Metformin belongs to a class of medications called biguanides, used to treat type 2 diabetes mellitus . People who suffer from this disorder do not use insulin correctly and therefore cannot properly control blood glucose levels, that is, the amount of glucose they have in their blood. Through different mechanisms of action, this drug allows maintaining the glucose balance within normal values. In this FastlyHealarticle we inform you about the uses, dosage and side effects of metformin so that you have all the information related to this drug.
Table of Contents
Mechanism of action of metformin
Metformin works by reducing blood levels of both fasting glucose and postprandial glucose, the blood glucose two hours after food intake. To carry out this action, three mechanisms take place:
- Decreased glucose production in the liver.
- Increased sensitivity to insulin, whose function is to lower glucose levels .
- Delayed intestinal absorption of glucose.
Uses of metformin
As we have mentioned previously, the use of metformin is fundamentally to treat type 2 diabetes mellitus, especially in patients who are overweight and who also cannot control glucose levels only with diet and exercise. It can be administered as monotherapy, that is, as the only drug to treat the disorder, or in association with other oral antidiabetic drugs or with insulin.
It can be administered with or after meals, always continuing the diet with a regular distribution of carbohydrate intake during the day and in cases of overweight, accompanying a hypocaloric diet .
Metformin comes in the form of tablets and is administered orally, with two modalities, 500 and 850 milligrams. The daily dose will be prescribed by the doctor treating diabetes, taking into account the metabolic state of the patient. Generally, the dosage schedule is as follows:
- The starting dose is usually 500 mg twice a day or 850 mg once a day, always given with food .
- If you are using the 500 mg tablet, the dose is usually adjusted at weekly intervals, depending on your blood glucose values. On the other hand, if 850 mg tablets are being administered, the dose can be adjusted every two weeks.
Regardless of the recommended guidelines, the maximum dose of metformin is 3000 mg per day, and it is important not to exceed it under any circumstances to avoid possible adverse effects. In addition, in elderly patients or in people with renal insufficiency , the dose should be adjusted taking into account the capacity and function of the kidneys.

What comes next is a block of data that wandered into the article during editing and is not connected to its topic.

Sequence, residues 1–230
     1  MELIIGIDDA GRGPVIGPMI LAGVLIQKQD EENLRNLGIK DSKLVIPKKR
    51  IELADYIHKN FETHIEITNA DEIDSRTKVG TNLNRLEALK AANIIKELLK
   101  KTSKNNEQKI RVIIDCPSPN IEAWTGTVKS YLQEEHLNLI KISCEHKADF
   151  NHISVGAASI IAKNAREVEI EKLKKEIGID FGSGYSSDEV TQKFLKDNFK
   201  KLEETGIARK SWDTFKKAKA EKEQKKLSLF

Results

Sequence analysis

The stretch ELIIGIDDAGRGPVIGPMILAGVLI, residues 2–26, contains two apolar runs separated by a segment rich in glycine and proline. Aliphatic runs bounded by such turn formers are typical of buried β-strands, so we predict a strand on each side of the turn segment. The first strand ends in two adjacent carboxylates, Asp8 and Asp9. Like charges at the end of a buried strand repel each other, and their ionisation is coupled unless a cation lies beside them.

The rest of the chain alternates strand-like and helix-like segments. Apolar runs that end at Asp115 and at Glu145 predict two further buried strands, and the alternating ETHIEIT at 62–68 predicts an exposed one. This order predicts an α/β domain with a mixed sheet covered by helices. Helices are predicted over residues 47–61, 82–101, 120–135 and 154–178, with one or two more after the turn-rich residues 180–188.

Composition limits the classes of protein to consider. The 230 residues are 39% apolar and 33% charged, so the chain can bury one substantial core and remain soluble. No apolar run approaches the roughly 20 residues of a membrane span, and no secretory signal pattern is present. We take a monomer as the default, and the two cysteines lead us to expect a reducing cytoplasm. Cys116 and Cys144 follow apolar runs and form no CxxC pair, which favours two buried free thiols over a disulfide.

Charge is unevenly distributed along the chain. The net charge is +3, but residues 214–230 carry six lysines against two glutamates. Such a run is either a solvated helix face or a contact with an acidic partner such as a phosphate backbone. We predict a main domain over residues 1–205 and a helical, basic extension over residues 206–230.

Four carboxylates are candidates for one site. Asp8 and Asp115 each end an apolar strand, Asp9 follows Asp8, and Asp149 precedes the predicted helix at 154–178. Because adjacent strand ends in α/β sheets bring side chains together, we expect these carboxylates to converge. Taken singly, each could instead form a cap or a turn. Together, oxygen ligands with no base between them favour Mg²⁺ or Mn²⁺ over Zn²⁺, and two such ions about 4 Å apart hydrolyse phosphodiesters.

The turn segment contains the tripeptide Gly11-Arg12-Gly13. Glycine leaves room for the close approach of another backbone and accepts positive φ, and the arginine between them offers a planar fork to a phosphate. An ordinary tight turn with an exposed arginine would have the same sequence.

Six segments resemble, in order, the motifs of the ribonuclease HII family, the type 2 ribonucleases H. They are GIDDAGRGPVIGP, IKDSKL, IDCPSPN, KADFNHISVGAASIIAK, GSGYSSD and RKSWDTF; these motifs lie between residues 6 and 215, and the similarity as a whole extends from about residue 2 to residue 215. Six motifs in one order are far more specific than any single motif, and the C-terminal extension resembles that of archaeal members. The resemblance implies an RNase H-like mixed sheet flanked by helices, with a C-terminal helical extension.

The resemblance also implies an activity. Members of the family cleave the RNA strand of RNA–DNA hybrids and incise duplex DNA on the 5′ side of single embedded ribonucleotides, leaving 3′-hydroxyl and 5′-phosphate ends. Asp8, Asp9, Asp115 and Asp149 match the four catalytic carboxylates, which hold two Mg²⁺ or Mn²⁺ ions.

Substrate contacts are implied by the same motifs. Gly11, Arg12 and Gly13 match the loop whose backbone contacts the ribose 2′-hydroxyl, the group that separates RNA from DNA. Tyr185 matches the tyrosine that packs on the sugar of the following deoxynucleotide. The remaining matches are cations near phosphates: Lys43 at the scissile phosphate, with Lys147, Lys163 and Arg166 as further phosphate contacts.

Contraindications of metformin
Before taking metformin, you should make sure that you do not have any hypersensitivity or allergy problems. If you suffer from any of the following conditions, medication with metformin is not recommended:
- Gestational diabetes that occurs during pregnancy.
- Type 1 diabetes mellitus.
- Renal insufficiency.
- Liver failure.
- Heart failure.
- Severe malnutrition
- Chronic alcoholism
- Acute complications of diabetes, such as ketoacidosis.
- Vitamin B12 , iron and folic acid deficiency.
- Pregnancy and breastfeeding.
- Serious infections
Side effects of metformin
The side effects that may appear after taking metformin as a treatment for diabetes mellitus 2 are:
- Nausea, vomiting, diarrhea, or loss of appetite.
- Diabetic ketoacidosis, in which the body cannot use glucose properly and uses fat for energy, producing ketones.
- Acute pathology that presents a risk of renal impairment: dehydration, severe infection and even shock.
- Acute or chronic disease that presents a risk of tissue hypoxia, which causes oxygen to not reach the tissues and which can lead to heart or respiratory failure, myocardial infarction or shock.
- Liver failure.
Due to all these possible side effects, keep in mind that metformin is a drug that you can only take under the recommendation and prescription of your doctor and following the prescribed dosage, in addition to carrying out periodic controls of your glucose levels to examine if it is necessary. make some kind of readjustment in the dose.
This article is merely informative, at FastlyHeal .com we do not have the power to prescribe medical treatments or make any type of diagnosis. We invite you to see a doctor in the case of presenting any type of condition or discomfort.
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I am a Surgeon with a diploma in comprehensive ultrasound and surgical care residency, an area I am specializing in. During the exercise of my profession, I have realized the need for patients to know the diseases they suffer, and I can tell you that a large part of their complications is due to a lack of information. Being a health web writer allows me to transmit my experience, without borders, to all those readers eager for knowledge, educate them in the prevention of diseases and promote a healthy lifestyle.